Raptors on the Rebound
Raptor populations in the Blue Ridge have been recovering in recent years; for birdwatchers, winter is best for spotting golden eagles, especially along the Blue Ridge Parkway.
There are birds, and then there are birds - guaranteed head turners. An adult bald eagle, for instance: head and tail gleaming white as fresh-fallen snow on a bright winter morning; impossibly long, dark wings held flat as a board.
When one of these cruises by a Blue Ridge Parkway hawkwatch, binoculars home in, and there’s a collective intake of breath. Everyone follows the bird until it’s out of sight. If it’s close enough, you can see the curved yellow beak, yellow feet tucked against undertail coverts. When the bird disappears, the hearts of its viewers flood with the odd, simultaneous sensations of fulfillment and longing. See one, and you want to see another one. Sooner rather than later. Now.
Spend enough time at a parkway hawkwatch –at Rockfish Gap (milepost 0), Harvey’s Knob (MP 95.4) or Mahogany Rock (MP 235) – during the fall migration and your chances are good for seeing a bald eagle. You might see one in summer too, at Claytor Lake, near Radford, Va., where there is a confirmed breeding pair.
Bald eagles are “almost common in the fall or spring, less so in winter,” says Harrol Blevins of Blue Ridge Birders, a bird club serving southwest Virginia and northwest North Carolina. “They’re moving around in the spring and fall. They have to have open water, so they move south, or south and east, when it freezes over up north. They may stay for a while and move farther south.”
If winter’s not the best time to see bald eagles, it’s the only time to see a rough-legged hawk. Last winter, a rough-legged was discovered on a Christmas bird count at Cheek Mountain, near Sparta, N.C. A boreal species that seldom strays this far south, the sighting “was a first for Alleghany County,” Blevins says. “No one in Blue Ridge Birders had – or knew of– a record for the county.” The hawk wasn’t passing through; it stuck around the mountain’s high ridges for most of the winter.
Winter’s the best time too, to see a golden eagle. Occasionally, in late October and November, they’re counted at parkway hawkwatches, but they’re anything but common: for 2007 and 2008, Rockfish had a total of five; Harvey’s Knob, 17; Mahogany Rock, seven. Primarily a western – or Rocky Mountain – bird, it’s not common, “but it is here every winter,” Blevins says. “We’ve had multiple sightings on the New River, and they’re found all over Alleghany County. The key is spending time, and knowing what you are looking for.”
And, of course, knowing where to look. For the last three years, in late fall and early winter, one easily accessible place has been Doughton Park on the Blue Ridge Parkway (weather permitting). “Golden eagles have been sighted hanging out in the Bluffs area at the park from November to the beginning of January. Then they disappear,” says Jim Keighton, a member of BRB and the official Mahogany Rock hawkwatch record keeper. The first two winters, the bird was near Alligator Back; last winter Keighton saw it twice from Wildcat Rocks overlook, soaring high above Basin Creek Cove and Caudill Cabin.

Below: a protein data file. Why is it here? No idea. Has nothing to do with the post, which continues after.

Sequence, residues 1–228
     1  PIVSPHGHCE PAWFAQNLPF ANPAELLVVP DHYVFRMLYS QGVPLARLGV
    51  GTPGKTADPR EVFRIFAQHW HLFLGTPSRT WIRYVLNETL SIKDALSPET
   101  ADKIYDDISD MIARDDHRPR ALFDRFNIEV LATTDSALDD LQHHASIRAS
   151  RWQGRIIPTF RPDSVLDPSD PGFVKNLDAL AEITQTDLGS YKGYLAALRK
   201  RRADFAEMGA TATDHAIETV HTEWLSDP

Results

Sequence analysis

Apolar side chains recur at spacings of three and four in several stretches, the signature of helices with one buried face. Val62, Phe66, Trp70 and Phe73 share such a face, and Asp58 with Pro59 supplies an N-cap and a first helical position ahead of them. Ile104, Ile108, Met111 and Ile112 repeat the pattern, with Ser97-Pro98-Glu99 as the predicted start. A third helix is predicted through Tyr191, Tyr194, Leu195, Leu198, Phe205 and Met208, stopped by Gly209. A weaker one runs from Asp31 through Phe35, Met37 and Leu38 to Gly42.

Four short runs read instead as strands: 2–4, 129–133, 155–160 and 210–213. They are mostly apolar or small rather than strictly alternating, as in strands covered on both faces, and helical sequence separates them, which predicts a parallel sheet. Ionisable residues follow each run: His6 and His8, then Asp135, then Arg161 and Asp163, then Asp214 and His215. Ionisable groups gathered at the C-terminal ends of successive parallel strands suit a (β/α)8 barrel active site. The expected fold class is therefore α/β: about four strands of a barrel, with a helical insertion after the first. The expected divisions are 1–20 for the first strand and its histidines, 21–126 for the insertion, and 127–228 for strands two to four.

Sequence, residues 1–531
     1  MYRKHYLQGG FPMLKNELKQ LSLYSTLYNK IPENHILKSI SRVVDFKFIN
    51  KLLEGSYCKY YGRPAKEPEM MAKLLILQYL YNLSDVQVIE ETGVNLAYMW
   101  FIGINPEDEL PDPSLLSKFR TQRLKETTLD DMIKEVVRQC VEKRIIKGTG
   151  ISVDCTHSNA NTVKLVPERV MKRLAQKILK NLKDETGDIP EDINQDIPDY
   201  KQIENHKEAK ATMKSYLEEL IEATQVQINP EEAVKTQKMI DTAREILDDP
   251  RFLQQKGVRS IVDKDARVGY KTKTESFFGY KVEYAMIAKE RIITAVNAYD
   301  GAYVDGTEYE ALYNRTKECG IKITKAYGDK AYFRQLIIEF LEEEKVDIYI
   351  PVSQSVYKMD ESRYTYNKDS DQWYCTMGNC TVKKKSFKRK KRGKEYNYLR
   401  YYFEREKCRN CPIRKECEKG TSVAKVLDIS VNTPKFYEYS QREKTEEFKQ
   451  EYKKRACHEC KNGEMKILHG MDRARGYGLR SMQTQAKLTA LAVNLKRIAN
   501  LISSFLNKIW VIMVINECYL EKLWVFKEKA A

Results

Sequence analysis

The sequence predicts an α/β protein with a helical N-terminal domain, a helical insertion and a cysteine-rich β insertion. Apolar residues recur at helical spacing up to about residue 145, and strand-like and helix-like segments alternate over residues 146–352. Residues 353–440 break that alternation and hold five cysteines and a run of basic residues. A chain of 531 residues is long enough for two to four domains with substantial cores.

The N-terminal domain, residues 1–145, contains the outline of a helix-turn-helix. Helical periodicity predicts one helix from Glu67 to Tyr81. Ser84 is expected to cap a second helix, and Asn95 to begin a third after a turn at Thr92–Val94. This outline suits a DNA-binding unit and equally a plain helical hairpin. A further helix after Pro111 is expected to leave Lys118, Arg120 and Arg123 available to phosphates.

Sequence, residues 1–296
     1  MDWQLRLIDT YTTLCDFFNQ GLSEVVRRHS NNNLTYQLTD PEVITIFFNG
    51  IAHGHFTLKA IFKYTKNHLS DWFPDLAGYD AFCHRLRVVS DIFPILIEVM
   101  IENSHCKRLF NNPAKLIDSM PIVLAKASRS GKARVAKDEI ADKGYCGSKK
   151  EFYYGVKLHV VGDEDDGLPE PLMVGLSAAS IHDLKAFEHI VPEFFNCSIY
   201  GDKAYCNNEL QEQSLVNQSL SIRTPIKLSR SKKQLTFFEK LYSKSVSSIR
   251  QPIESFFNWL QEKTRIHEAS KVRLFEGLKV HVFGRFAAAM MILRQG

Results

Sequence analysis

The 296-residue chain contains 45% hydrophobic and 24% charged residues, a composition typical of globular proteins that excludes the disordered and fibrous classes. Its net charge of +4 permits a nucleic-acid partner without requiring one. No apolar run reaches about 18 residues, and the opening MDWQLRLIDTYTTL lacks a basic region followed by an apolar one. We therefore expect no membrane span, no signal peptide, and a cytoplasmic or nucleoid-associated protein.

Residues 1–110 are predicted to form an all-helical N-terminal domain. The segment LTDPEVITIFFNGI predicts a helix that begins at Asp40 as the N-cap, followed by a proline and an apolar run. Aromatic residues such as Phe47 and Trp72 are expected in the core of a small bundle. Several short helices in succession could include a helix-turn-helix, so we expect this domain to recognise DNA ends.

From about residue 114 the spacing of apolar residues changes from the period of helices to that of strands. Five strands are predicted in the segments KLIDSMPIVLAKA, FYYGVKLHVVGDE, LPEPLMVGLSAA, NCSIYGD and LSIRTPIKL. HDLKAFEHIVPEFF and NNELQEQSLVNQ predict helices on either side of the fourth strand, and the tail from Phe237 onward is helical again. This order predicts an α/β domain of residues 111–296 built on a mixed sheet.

“The bird I saw was a juvenile,” he says. “It could have been the same bird that was here before, since eagles take multiple years to attain their adult plumage.” Will they become permanent winter residents of Basin Cove? He hopes so. Reports that golden eagles “are affecting turkey populations in the Midwest in winter,” suggest to him that recent explosive growth in northwest North Carolina’s wild turkey population may be luring them.
Perhaps. Raptor populations have been recovering since DDT’s use was outlawed, says Blevins, who remembers winter golden eagle sightings in the area a decade or more ago, when he returned home after a career in the Air Force.
“They’re just here,” he says. “There’s been a general trend of increasing eagle populations since the DDT ban; now they’re getting more common. There may be breeding populations not that far north and west of us. Raptors move around when they’re not breeding and they’re very territorial.” Population pressure may be forcing birds to expand their winter range, looking for habitats that will support them.
Whatever the explanation, southern Blue Ridge raptor lovers can scan winter skies now with hope of seeing more than turkey vultures and resident redtails. If Doughton Park, Cheek Mountain and the New River don’t yield anything, Blevins recommends a winter pilgrimage to Burkes Garden, in Tazewell County, Va. It’s a “large bowl” – known variously as the Devil’s Frying Pan and the Lord’s Thumbprint – where golden eagles are regularly seen. “It’s fairly reliable for rough-legged hawks too,” he says. “Our birding group usually takes a trip up there in January or February. You’re almost assured of seeing a golden eagle, maybe multiples.”